Lifelong Learning and the University: Rethinking Our Role in a Global Society
Dr W. Franklin Spikes.
Universities throughout the world exist in evermore complicated operational environments. Uncertain economic, social and political conditions, changing demographic circumstances, and declining levels of public and private financial support call for a worldwide re-examination of the role and purpose of higher education today. It is the thesis of this paper that in order to survive, the modern university must reshape itself to increasingly become a key part of a worldwide educational community in which learning occurs in an integrated manner throughout the lifespan.
This paper consists of three sections which are related to such a reconceptualization. First, an examination of the nature and extent of selected social forces which will influence the direction of institutions of higher education in the years ahead is presented. Next, a discussion and review of the conceptual basis for lifelong learning from a variety of viewpoints in the literature is offered. Finally, a series of ideas about how to establish the programmatic place of the university with respect to implementing a model of learning throughout the lifespan in a rapidly changing world is provided.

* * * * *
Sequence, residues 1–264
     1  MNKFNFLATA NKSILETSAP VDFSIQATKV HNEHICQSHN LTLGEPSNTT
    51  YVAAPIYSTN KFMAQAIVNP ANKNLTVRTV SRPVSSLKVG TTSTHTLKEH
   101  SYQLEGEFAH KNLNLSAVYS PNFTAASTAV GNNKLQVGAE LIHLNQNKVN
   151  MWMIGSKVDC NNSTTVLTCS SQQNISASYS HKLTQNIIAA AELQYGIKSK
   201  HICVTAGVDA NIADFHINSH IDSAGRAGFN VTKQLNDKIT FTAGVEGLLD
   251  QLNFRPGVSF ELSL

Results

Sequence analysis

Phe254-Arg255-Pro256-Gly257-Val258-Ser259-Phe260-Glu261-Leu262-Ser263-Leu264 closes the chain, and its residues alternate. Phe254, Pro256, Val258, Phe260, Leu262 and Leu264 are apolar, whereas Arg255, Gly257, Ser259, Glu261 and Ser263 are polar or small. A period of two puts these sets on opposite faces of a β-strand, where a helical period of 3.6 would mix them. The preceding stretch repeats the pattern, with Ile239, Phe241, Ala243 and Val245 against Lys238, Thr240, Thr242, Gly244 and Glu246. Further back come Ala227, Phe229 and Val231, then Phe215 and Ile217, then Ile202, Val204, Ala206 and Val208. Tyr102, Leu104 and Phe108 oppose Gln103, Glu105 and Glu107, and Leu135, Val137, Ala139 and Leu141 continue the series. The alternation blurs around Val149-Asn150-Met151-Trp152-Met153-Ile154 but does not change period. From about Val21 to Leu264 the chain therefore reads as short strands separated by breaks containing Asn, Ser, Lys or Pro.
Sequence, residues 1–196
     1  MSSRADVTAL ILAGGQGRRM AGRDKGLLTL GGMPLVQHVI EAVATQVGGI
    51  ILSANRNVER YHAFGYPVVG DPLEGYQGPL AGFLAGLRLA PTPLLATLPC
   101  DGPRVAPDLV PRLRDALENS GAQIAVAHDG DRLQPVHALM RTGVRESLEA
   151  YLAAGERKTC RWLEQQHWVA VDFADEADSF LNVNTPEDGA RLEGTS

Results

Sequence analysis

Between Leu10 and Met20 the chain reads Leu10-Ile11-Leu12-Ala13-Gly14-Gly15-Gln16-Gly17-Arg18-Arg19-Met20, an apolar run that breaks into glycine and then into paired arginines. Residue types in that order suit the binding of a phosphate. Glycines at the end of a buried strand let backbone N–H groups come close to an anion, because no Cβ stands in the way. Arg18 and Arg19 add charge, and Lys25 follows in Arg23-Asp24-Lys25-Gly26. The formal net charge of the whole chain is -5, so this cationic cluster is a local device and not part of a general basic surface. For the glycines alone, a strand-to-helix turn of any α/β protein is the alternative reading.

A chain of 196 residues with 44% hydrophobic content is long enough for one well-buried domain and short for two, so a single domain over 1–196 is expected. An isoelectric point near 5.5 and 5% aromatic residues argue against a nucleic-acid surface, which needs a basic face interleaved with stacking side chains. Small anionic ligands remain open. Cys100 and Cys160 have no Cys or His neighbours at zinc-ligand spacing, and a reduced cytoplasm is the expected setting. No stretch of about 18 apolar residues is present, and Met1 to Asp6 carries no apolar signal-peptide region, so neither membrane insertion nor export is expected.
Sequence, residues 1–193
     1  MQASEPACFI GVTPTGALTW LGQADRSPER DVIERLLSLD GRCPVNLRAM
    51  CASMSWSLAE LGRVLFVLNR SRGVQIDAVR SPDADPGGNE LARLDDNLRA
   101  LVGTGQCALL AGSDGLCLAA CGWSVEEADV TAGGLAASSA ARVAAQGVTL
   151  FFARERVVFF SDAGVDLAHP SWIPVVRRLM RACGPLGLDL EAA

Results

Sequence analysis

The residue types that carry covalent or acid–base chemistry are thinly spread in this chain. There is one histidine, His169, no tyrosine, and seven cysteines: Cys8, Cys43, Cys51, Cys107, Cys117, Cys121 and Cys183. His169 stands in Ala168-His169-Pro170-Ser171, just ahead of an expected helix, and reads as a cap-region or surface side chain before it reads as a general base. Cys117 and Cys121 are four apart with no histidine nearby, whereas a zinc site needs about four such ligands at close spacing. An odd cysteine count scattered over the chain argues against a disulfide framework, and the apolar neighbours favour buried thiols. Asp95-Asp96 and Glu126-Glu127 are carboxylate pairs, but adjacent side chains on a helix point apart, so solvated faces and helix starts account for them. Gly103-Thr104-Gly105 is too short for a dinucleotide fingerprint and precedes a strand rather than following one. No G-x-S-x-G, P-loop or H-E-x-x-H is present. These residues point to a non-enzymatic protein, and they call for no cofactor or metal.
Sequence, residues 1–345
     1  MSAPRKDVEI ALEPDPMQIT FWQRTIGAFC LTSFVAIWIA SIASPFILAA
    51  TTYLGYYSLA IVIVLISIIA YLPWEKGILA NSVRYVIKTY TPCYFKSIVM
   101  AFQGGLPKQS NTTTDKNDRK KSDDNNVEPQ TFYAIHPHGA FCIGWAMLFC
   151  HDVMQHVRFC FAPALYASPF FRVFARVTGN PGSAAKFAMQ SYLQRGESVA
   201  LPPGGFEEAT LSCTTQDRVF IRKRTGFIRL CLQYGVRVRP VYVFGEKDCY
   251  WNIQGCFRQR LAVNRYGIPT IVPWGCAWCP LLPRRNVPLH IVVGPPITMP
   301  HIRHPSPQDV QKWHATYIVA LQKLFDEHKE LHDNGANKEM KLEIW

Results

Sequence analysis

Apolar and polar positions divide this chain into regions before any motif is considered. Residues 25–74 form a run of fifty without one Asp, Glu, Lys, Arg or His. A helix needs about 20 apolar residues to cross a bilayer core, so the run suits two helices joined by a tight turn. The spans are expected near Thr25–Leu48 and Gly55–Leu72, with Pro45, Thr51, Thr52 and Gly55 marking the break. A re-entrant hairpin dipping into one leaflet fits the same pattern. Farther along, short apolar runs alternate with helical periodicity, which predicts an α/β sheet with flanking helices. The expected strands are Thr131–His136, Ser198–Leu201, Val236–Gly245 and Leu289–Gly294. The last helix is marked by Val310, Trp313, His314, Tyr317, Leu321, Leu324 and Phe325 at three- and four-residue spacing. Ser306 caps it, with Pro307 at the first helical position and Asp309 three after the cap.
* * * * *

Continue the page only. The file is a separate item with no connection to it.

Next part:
Dr W. Franklin Spikes (United States)
Department of Foundations and Adult Education College of Education
Kansas State University
W. Franklin Spikes is Professor and Director of the Doctoral Program, Department of Foundations and Adult Education in the College of Education at Kansas State University. He holds the doctorate from Northern Illinois University. He is a Past President of the American Association for Adult and Continuing Education; a Fellow of the American Council on Education and most recently was selected to participate in a Fulbright sponsored research and educational project in Paraguay, Brazil and Argentina.
(30 min. Conference Paper, English)